One of the best reasons for choosing to do this in Power Query is that it is easier to populate all of the label columns and Power Query writes the code for you in its language, which is simply named M and after you've developed a calendar and Power Query you can actually replicate the calendar anywhere else by simply copying and then pasting the M language.
Let's head over to Power Query by clicking on transform data on the home ribbon tab. And we can launch a new blank query using new source blank query. This looks pretty blank of course, and we will use the formula bar to enter our M formula. We'll start with a couple of M functions here, equals list.dates, which will create a list of dates of course. M is actually case sensitive, so I'm being super vigilant here. And then I'll open up our function parentheses to enter the dates. This also is gonna be looking for a serial number which I don't know off the top of my head.
So we're gonna use a function in M called date which looks like this, hash date, with a lowercase D, open my parenths, and then just like the Excel function, I need to type in the year, the months, the day, we'll close that up and enter comma to move to the next argument. The second argument of the list dates function is the number of entries we want in this list. So the number of days we want in our calendar. I want this list to have 10 years worth of dates. So I'll just type 365 times 10 and I'll follow that with a comma.
The last argument is where we define the length of each entry, and we want this to be a list of days. And I have no idea how to serially enter a day. So I'm gonna use the DURATION function, which is another of those functions that are not capitalized and they're proceeded by a hash. Hash duration, open the parenths and I'll type one day, zero hours, zero minutes, and zero seconds and close that parenths and execute.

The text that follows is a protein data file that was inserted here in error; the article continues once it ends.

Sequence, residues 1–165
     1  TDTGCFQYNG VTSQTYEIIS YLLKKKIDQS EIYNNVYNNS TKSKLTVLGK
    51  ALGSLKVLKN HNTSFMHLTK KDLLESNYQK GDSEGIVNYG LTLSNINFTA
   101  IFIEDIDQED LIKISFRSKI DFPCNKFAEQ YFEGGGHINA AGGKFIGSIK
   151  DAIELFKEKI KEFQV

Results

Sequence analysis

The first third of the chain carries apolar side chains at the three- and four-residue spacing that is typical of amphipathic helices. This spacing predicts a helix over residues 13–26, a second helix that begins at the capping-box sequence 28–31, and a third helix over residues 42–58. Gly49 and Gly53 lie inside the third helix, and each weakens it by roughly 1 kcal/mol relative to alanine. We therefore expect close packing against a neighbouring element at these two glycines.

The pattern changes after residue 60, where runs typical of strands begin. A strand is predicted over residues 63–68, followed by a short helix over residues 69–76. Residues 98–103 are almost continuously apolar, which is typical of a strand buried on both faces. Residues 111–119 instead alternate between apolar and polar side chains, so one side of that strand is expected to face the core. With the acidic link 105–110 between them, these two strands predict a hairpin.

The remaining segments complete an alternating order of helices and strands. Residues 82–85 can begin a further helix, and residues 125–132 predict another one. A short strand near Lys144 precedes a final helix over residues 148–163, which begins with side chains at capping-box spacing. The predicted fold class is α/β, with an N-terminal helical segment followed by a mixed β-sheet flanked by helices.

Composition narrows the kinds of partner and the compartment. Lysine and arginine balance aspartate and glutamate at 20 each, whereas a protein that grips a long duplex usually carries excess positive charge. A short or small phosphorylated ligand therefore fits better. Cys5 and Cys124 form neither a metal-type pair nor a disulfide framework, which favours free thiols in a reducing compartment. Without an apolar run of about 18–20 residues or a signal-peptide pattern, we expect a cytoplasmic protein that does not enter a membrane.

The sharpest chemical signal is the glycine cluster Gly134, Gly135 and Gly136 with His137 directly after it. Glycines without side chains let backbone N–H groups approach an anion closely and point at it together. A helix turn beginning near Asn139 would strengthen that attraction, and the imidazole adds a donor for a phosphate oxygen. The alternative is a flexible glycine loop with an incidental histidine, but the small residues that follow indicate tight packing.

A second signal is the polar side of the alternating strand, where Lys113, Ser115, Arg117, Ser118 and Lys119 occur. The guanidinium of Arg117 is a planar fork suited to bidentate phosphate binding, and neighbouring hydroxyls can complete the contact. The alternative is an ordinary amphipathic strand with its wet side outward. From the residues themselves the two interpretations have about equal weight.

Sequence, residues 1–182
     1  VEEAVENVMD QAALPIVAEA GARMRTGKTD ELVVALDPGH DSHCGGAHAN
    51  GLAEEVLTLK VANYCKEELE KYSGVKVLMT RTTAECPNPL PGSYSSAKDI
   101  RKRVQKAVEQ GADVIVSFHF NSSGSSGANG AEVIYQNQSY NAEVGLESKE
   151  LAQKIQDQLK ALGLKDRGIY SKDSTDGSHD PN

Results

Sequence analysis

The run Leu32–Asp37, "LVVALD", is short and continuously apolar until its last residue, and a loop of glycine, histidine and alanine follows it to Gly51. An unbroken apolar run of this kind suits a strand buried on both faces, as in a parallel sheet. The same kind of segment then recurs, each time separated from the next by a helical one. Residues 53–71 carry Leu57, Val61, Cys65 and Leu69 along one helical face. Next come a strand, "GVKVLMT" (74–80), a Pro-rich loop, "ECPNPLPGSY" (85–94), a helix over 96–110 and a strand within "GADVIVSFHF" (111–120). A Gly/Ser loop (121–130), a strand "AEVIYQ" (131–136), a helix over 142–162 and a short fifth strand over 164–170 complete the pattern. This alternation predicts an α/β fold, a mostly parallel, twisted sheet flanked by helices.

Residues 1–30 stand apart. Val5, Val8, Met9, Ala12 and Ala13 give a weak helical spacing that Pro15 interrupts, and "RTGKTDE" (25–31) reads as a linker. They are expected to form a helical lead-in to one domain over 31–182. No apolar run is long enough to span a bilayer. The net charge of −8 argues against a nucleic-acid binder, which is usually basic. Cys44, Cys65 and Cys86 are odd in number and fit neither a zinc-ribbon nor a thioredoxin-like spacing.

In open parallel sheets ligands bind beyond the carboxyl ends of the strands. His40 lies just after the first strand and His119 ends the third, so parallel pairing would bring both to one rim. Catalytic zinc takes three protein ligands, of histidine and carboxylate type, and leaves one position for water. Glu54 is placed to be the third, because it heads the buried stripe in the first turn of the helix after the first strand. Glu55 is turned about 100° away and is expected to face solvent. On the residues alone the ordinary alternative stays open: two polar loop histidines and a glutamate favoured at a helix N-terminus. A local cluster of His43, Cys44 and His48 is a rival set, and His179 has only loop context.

Looks good, we'll make it official by selecting convert to table from the home ribbon tab. And I'll just say, no delimiters and I want the hanging columns to show up as errors but we won't have any of those. Now we just need to rename this column and I'm gonna be very sure to confirm the data type is date which is super important. We can do this on the home tab, in the transform group, data type, date.
Okay, now we can easily add metadata from the add column tab date. Let's add year and months, and month's name, quarter of year, day and name of day. After you get started in Power Query, reading these labels is so much easier. Okay it looks good, let's close and load it to the model. Great, we have our date table. Now we just need to relate it to our model. And before we forget, let's make sure to mark this table as the official date table by right clicking on the table and choosing mark as date table. When we do this, Power BI fortifies this table against common issues and confirms it meets the requirements to function properly as the date table.
Chelsea Dohemann is a Senior Technical Trainer and Microsoft Certified Master with almost a decade of experience in technology training. She has taught an array of applications from Microsoft products including Office 365 web apps, Microsoft Office Suite, Power BI, VBA for Excel, and SharePoint to Adobe Acrobat Pro and Creative Cloud. Being a persistent learner herself, Chelsea is acutely in-tune with the challenges of learning. She presents her topics in plain language, with real-world examples, reducing complex concepts down to their simple parts.